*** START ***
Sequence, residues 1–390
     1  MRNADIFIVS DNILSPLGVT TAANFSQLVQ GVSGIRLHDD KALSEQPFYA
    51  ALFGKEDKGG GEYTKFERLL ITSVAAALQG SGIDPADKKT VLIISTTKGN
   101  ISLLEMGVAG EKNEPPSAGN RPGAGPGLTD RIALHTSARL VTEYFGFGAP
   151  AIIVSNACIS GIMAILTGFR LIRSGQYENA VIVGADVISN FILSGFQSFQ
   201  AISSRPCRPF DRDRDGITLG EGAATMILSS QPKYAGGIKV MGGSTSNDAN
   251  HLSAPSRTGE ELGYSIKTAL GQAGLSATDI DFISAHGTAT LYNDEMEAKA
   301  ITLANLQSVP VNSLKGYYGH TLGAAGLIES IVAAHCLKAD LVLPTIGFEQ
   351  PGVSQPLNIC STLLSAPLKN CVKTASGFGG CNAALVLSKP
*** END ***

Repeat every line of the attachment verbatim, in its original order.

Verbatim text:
Sequence, residues 1–390
     1  MRNADIFIVS DNILSPLGVT TAANFSQLVQ GVSGIRLHDD KALSEQPFYA
    51  ALFGKEDKGG GEYTKFERLL ITSVAAALQG SGIDPADKKT VLIISTTKGN
   101  ISLLEMGVAG EKNEPPSAGN RPGAGPGLTD RIALHTSARL VTEYFGFGAP
   151  AIIVSNACIS GIMAILTGFR LIRSGQYENA VIVGADVISN FILSGFQSFQ
   201  AISSRPCRPF DRDRDGITLG EGAATMILSS QPKYAGGIKV MGGSTSNDAN
   251  HLSAPSRTGE ELGYSIKTAL GQAGLSATDI DFISAHGTAT LYNDEMEAKA
   301  ITLANLQSVP VNSLKGYYGH TLGAAGLIES IVAAHCLKAD LVLPTIGFEQ
   351  PGVSQPLNIC STLLSAPLKN CVKTASGFGG CNAALVLSKP